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How do you cook risoto in a restaurant?

post #1 of 8
Thread Starter 

I know they can't be starting from scratch on this, as it takes a good 25-30 mins to cook.  However, I've seen several errors in cooking on Hell's Kitchen and it would appear that they do at least some of the actual cooking during service (I see them add stock--though I swear I've seen them do the toasting of the rice during service as well).  Any tips would be appreciated. 

post #2 of 8

Many places have the risotto 1/2 cooked and kept cold on the line with a pan of simmering stock going on the stove top. When an order comes in, the line finishes it to order the rest of the way.

post #3 of 8

In addition to par cooking and holding the partially cooked rice cold, then finishing during service, theres another method that works if a restaurant is busy enough. And that is that you can start from scratch on the line, but you'll make batches of risotto- the cooked risotto will hold fairly well warm(just in the pan, not in the steam well or anything like that) for a little bit- just needing a drip or two of hot stock to freshen it up, and you can take a couple spoonfuls from the pot and add it to a small bowl or something and add some fresh herbs and cheese or whatever, just before plating. Not a whole lot of places are busy enough to be able to do it that way, though. Usually a venue that will have a cook responsible for only one dish is the type that it will work that way.

 

As for the hell's kitchen thing... Really not sure whats going on there. Theres absolutely a bunch of wankers on that show, and it is a tv show after all. I'm pretty well positive at least a certain amount of the drama on it is staged anymore.

post #4 of 8

On Hell's Kitchen, they use the par-cook before service, finish to order method. If you see them doing it from scratch during service, odds are they ran out of par-cooked rice.

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post #5 of 8
Thread Starter 

That makes sense.  Of course, it could be an editing job that made it appear as though they did it during service.  How far do you usually cook it before holding on the line?
 

Quote:
Originally Posted by Greg View Post

On Hell's Kitchen, they use the par-cook before service, finish to order method. If you see them doing it from scratch during service, odds are they ran out of par-cooked rice.


 

post #6 of 8


 

Quote:
Originally Posted by gobblygook View Post

That makes sense.  Of course, it could be an editing job that made it appear as though they did it during service.  How far do you usually cook it before holding on the line?
 

Quote:
Originally Posted by Greg View Post

On Hell's Kitchen, they use the par-cook before service, finish to order method. If you see them doing it from scratch during service, odds are they ran out of par-cooked rice.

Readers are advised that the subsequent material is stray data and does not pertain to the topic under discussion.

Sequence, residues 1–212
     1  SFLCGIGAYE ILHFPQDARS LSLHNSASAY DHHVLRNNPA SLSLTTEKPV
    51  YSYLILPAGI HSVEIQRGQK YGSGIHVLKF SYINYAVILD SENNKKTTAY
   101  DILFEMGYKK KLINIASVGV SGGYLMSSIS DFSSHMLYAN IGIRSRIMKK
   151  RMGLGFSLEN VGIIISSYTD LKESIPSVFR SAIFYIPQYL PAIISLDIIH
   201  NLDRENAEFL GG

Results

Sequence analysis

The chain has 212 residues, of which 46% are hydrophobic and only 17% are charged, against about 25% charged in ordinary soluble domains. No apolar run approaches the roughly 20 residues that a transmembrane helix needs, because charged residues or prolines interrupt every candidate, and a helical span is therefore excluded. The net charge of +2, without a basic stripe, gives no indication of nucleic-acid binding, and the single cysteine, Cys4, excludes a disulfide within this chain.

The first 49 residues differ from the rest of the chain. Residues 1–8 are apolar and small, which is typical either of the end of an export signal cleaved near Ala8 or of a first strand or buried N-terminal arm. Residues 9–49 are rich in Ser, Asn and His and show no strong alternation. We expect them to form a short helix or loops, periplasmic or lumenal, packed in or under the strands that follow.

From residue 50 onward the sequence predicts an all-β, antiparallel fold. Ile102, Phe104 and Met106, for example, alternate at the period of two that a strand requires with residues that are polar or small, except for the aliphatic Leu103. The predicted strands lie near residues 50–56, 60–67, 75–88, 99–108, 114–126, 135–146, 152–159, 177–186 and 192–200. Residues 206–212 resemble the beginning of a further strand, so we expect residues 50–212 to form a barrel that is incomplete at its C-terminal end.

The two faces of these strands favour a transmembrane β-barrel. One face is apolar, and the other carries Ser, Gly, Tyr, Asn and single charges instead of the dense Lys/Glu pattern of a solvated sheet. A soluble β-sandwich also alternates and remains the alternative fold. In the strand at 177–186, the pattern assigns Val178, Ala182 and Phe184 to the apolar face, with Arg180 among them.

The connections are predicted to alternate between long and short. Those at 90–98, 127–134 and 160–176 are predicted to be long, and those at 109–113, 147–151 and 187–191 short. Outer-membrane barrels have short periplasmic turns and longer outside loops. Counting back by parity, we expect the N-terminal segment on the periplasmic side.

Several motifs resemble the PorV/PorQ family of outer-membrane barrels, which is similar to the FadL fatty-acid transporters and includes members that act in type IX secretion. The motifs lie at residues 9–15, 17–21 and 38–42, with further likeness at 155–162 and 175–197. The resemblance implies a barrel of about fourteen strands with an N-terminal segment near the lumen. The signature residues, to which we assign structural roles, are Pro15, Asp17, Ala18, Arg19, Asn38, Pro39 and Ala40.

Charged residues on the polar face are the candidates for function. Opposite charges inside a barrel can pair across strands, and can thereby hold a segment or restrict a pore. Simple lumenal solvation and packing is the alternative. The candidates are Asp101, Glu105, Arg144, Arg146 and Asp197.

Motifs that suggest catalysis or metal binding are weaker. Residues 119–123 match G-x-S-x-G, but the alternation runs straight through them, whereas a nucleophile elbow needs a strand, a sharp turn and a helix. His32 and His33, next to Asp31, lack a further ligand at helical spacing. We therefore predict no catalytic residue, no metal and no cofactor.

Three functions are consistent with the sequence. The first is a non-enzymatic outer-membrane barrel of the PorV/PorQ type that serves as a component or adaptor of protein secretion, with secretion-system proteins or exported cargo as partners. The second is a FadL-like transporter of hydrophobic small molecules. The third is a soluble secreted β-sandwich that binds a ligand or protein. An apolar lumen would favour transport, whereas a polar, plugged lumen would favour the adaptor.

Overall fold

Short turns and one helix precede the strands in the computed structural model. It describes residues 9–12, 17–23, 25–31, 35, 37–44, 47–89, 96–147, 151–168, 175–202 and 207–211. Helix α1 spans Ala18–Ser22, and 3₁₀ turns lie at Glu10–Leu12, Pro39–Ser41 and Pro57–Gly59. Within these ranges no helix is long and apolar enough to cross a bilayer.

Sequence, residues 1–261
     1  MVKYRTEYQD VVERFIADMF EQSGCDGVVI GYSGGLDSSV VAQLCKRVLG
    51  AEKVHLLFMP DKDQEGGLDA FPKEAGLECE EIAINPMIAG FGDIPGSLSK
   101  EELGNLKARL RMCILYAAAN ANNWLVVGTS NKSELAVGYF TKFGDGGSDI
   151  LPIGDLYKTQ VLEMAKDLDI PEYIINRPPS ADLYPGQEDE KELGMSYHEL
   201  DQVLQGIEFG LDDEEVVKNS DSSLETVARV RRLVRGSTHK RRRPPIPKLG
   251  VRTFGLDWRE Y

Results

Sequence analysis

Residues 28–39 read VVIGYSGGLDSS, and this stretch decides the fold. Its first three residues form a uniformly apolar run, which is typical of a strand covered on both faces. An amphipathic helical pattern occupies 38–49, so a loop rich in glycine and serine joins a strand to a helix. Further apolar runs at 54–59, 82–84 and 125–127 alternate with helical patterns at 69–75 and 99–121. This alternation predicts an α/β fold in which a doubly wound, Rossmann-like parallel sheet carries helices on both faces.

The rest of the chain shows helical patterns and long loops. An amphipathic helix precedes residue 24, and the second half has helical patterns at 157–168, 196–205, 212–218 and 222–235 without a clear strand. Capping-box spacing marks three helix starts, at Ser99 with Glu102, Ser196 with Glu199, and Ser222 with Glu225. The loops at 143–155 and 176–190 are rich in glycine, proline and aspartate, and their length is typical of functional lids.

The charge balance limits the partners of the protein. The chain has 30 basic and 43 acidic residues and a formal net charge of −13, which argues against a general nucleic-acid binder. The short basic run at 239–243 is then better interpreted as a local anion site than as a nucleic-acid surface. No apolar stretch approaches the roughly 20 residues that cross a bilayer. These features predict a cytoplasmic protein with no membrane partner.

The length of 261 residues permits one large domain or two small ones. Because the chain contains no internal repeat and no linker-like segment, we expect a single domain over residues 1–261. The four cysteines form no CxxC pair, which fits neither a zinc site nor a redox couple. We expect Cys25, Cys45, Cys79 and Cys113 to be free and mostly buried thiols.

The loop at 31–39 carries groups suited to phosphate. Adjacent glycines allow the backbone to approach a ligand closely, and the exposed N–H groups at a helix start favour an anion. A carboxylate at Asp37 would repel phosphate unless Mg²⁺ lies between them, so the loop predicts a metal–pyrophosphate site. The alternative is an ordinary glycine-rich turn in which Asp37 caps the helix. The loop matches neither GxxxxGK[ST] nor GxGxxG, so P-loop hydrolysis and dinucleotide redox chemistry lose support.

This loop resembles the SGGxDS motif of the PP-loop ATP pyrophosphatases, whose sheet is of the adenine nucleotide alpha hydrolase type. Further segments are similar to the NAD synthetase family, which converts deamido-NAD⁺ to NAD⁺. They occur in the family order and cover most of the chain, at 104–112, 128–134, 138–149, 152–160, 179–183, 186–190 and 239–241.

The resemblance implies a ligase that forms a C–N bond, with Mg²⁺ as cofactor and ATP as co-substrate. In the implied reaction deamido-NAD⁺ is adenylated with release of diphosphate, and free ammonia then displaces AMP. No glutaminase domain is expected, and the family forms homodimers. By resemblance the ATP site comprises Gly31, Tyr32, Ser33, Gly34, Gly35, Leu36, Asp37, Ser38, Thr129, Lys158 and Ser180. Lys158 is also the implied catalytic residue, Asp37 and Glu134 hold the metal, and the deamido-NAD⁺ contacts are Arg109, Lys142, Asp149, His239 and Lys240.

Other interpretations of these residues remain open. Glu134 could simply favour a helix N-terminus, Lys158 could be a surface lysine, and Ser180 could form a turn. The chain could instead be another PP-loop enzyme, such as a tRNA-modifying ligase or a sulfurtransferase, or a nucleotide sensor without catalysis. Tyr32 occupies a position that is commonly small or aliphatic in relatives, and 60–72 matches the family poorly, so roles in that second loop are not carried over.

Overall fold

Roughly 1/2 to 2/3 of the way. Really depends on the venue, timing of service, etc.

post #7 of 8

Risotto 101, this is info to a class I teach, called Rice 101.First of all risotto is never toasted, this is usually kept for Persian and Indian cuisine; producing a nice nutty aroma to the dish. I worked for 7yrs. in an Italian restaurant and when risotto was ordered it was made to order "a la minute". Sauteing onions in olive oil, adding garlic, and then rice, stirring until grain is coated and shiny, but not browned, about a min. Add wine and reduce heat to med.low.Use a warm stock, adding slowly 1/2 cup -3/4 cup at a time, stirring constantly, until almost completely absorbed.Stirring causes friction, removing starch from the surface of rice, making it creamy, not soupy. Add seasoning lightly, finishing at the end. Saute fast cooking ingredients, adding them near the end. Olive oil, grated Parmesan and Italian parsley are the last 3 ingredients to be added.

Risotto is considered, "considered" which could be deleted, is an "I Primi" meaning 1st.course, so like a soup it is served in a low sided soup bowl with a spoon.

You don't rinse risotto before using, to do so would remove starches, needed for achieving creamy product.

When par cooking risotto, usually cooked to the half way point, poured onto a marble slab and spread thin, for rapid cooling and drying, refrigerate to prevent bacterial growth.

To reheat use warm stock and a touch of butter, cooking it in the normal manner.

post #8 of 8

All answers seem pretty good, just make sure you get rice below 40 degrees quickly and don't keep too much heated on the line. We have it a little more than 1/2 cooked, and then finish it in small batches usually lasting no more than 30 minutes, just add a little stock to bring it back a little. Rice is one of the greatest causes of food poisoning, bacteria can grow like crazy on it, so don't do too much at once, and like I said before, make sure you get it cooled to temp quickly and put away with an airtight lid, and also try to bring it back up to temp quickly. I've seen some gross things done with rice.

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